Fire broke out in June at a storage facility next to Two Chums Bait, Tackle and Boat Rentals in Sea Isle City’s Fish Alley.

SEA ISLE CITY — Under scrutiny after a number of destructive fires, city officials began working this spring with the state to bring the volunteer fire department up to standards.

The state’s review of the department ended June 12, when the department’s chief and his two assistants were sent cease-and-desist letters because they were not certified to be in leadership positions. Copies of emails exchanged between police Chief Thomas McQuillen, who oversees the Fire Department as public safety director, and a state fire representative — obtained in an Open Public Records Act request by The Press of Atlantic City — reveal the depth of the problems in the city’s department, centered on a lack of training and record keeping.

They also show a working partnership — at least until the state discovered that individuals singled out for lacking “incident command” certifications were “re-installed” in leadership roles.

Questions remain as to how the ouster unfolded, and there are conflicting stories from the parties involved as to how it began. City officials say the issue has been handled.

“We’ve moved on,” McQuillen said.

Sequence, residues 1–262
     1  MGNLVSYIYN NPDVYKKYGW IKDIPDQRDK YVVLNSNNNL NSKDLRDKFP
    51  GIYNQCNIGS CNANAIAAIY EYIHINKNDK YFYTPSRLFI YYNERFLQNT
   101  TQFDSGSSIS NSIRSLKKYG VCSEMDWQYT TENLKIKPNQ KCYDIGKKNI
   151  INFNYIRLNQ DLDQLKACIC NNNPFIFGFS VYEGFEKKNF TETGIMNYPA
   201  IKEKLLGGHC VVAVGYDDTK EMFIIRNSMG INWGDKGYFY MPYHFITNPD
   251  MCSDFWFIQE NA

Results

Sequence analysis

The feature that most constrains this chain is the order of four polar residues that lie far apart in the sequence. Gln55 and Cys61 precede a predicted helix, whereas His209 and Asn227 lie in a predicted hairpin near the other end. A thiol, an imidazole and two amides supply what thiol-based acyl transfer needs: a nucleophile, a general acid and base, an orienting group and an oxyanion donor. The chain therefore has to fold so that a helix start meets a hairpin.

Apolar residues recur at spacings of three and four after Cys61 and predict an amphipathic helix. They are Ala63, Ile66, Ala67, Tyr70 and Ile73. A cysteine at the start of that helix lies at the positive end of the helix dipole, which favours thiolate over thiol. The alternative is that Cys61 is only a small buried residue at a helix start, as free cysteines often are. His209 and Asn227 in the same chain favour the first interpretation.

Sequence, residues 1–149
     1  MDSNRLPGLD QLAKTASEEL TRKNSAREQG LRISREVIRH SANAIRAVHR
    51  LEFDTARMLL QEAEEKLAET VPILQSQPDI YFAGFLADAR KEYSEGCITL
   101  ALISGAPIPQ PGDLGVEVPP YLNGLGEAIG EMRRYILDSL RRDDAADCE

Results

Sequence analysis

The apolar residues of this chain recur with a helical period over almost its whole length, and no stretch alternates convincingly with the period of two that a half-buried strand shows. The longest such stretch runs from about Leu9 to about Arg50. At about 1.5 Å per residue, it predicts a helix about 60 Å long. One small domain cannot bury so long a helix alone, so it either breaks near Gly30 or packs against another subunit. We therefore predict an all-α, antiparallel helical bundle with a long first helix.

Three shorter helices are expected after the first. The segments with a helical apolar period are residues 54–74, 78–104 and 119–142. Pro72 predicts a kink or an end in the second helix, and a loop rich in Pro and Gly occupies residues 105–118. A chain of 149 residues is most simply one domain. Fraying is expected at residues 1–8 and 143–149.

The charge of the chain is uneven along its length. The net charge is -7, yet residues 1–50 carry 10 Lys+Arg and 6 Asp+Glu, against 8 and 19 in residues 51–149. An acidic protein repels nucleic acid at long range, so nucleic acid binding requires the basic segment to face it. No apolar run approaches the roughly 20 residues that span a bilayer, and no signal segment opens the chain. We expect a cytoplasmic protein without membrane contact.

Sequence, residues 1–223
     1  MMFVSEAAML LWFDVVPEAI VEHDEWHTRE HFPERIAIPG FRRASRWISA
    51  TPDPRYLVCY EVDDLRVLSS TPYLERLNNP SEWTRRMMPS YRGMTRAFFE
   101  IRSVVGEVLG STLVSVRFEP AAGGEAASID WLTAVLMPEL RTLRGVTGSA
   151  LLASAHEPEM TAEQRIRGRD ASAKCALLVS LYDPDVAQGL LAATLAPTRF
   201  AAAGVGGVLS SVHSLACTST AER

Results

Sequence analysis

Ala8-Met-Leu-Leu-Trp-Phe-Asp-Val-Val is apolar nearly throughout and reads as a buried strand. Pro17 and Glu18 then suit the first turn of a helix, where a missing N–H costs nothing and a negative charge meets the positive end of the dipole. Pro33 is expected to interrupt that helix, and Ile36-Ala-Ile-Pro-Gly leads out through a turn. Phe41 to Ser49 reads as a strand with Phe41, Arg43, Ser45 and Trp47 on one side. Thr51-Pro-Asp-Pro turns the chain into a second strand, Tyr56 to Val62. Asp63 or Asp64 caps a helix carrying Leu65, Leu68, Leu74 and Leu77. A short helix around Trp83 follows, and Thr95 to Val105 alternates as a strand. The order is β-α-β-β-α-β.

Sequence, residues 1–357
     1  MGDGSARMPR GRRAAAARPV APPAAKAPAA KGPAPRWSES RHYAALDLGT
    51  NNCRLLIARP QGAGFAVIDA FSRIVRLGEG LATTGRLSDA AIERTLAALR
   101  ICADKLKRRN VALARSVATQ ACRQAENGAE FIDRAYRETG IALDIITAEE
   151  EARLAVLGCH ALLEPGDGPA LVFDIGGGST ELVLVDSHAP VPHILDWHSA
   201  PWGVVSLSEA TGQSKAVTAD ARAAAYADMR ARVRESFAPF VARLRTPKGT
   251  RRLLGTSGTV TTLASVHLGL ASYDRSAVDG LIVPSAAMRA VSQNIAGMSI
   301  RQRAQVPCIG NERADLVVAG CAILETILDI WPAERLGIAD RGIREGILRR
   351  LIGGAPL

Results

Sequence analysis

The officials’ departure comes at a time when the Fire Department, and the city, have been scrutinized for their response to a number of destructive fires, including one in November in which an 89-year-old resident died.

Some residents have suggested switching to a paid department, as several firefighters have to drive from the mainland in the event of a fire, increasing response time, and fewer people are signing up to become volunteers, an issue that isn’t isolated to Sea Isle.

At the moment, there are 33 certified firefighters in Sea Isle, with eight certified for leadership positions, McQuillen said.

But the fallout from certain senior members working without certifications nevertheless threatens to deepen criticisms from both part-time and full-time residents.

In a public letter dated July 9, McQuillen said the city became aware certain firefighters were not up to date on their certifications during a performance review after an Easter morning fire that destroyed four residential units.

The state Division of Fire Safety, for its part, claims the inquiry began after an anonymous tip and a rash of highly publicized fires, said Tammori Petty, a spokeswoman for the state Department of Community Affairs, which oversees the division.

Cape May County Fire Marshal Conrad Johnson Jr., who was present for the review, did not respond to requests for comment. The city refused to disclose documents from the “after-action” review.

McQuillen, when reached for comment this past week, said the emails and his public letter speak for themselves.

In mid-May, McQuillen communicated with Craig Augustoni of the DCA about the fact some firefighters in leadership positions did not have necessary training or certifications for their positions. The two were in agreement that the situation needed to remedied.

On May 16, Augustoni provided McQuillen with a list of those who couldn’t be certified as firefighters because they could not produce needed documentation or did not turn it over, emails show.